The short corridor on the right, as he knew, hide an incorporated vestibule and was decorated on the other side with some photos of Suzy and her mother. There was even one photo out of those long-ago days where all four of them stood upon. Stephen, Suzy, Katy and his own father Thomas March. A party on the occasion of some kind of promotion of his father. A bit further on the left of him was the door to the bathroom and the toilet and further ahead beside the info screen was the entrance of the living room. As he moved, the sensors in the floor and ceiling were following his movements and the space where he walked, was enlightened by ingeniously hidden light sources. A medley of his favorite music started. No, they hadn’t messed with the apartment memory. Who knows? Maybe the Security Service had asked so, hoping to get more info this way to help with their investigation.
Stephen knew out of his experience that Suzy was a creature of habit. She invariably noted all her important data, meetings, and other memory aids in her tablet. Possibly he had luck today and something important would fall right into his hands. Stephen supposed that the Security Service had copied everything and that the different memories in the apartments had been screened and looked into. Everything could be a possible guideline to the murderer. So what the Security Service knew he had to discover himself to… if nothing had disappeared. He knew Suzy a lot better than the people of the police. What seemed innocent to them, could mean a lot more for him.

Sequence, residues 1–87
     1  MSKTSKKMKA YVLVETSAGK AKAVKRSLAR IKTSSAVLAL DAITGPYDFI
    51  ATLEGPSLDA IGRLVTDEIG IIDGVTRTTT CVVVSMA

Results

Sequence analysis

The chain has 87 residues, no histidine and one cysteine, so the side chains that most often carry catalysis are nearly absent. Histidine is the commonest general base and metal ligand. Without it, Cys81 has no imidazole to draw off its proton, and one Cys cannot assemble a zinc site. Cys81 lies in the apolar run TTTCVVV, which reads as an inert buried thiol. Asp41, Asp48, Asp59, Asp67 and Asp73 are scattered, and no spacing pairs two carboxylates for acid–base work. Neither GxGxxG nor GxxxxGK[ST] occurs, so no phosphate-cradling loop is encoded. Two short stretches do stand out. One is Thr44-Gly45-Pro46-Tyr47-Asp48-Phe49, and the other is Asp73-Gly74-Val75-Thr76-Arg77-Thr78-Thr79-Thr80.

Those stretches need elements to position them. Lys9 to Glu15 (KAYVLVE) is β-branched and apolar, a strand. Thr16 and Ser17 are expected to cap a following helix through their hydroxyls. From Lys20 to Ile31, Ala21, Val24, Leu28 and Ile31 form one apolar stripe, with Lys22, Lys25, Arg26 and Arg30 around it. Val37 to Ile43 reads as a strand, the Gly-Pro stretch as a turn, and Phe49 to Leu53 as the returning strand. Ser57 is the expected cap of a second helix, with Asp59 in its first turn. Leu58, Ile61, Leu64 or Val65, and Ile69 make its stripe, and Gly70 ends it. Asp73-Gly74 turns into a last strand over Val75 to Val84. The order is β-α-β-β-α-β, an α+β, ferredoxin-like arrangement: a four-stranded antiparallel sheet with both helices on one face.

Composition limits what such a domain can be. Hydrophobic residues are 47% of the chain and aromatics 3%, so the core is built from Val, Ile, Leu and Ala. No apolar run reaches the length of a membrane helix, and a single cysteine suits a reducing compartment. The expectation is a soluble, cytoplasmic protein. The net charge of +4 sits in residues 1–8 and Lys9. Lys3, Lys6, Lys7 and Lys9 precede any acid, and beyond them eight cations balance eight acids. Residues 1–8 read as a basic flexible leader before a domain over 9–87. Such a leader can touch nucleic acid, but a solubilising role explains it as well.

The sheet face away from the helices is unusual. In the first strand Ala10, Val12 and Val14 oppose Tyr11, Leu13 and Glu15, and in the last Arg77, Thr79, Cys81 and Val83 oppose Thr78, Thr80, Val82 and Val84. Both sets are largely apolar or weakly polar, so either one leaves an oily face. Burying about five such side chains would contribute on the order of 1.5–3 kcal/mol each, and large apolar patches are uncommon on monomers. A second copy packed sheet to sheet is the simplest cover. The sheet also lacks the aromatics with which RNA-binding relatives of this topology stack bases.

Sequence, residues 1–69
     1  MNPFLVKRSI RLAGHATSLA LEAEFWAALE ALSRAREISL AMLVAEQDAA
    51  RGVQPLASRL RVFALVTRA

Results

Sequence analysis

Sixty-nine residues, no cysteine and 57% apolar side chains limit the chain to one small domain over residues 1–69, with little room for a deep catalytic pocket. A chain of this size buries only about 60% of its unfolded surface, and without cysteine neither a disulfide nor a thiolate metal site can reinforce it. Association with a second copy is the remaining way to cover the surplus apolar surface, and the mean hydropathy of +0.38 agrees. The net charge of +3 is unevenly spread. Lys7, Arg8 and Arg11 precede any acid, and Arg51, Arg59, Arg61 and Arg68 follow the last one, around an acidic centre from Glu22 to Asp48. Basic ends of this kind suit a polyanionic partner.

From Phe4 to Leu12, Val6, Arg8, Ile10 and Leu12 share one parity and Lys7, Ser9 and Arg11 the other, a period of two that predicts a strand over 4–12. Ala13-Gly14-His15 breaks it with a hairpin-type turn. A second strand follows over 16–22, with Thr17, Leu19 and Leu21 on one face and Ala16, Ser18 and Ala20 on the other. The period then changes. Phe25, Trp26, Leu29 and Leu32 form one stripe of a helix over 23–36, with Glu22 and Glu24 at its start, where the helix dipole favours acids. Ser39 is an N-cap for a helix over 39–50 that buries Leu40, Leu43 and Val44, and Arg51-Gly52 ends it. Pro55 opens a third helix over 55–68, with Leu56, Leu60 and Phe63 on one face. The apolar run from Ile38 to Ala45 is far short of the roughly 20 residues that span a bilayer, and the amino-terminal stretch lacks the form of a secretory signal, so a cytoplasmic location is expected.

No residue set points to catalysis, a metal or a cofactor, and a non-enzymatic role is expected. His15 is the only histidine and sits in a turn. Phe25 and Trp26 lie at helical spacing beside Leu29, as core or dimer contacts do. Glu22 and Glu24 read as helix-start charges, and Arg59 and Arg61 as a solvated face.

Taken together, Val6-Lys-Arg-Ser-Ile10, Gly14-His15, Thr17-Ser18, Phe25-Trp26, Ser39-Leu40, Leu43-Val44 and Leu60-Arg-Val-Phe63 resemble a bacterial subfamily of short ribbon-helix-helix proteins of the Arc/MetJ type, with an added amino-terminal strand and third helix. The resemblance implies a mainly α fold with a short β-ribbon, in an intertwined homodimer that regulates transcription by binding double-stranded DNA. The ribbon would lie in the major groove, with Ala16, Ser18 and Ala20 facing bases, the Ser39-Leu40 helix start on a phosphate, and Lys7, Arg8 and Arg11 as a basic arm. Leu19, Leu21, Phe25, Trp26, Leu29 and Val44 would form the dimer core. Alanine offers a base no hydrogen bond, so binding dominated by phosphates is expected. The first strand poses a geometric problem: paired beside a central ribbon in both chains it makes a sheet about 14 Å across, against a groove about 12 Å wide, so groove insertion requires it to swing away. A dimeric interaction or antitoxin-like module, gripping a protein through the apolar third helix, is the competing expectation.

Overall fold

Through the living room, you could go to the kitchen to the right and on the left side there was a door to the bedroom. Stephen saw directly that her tablet computer lay on the bedside table and took it with him to the living space. There he seated himself on one of the zaisu, a little chair without legs and that rested at the bottom directly on the tatami mat in the living room.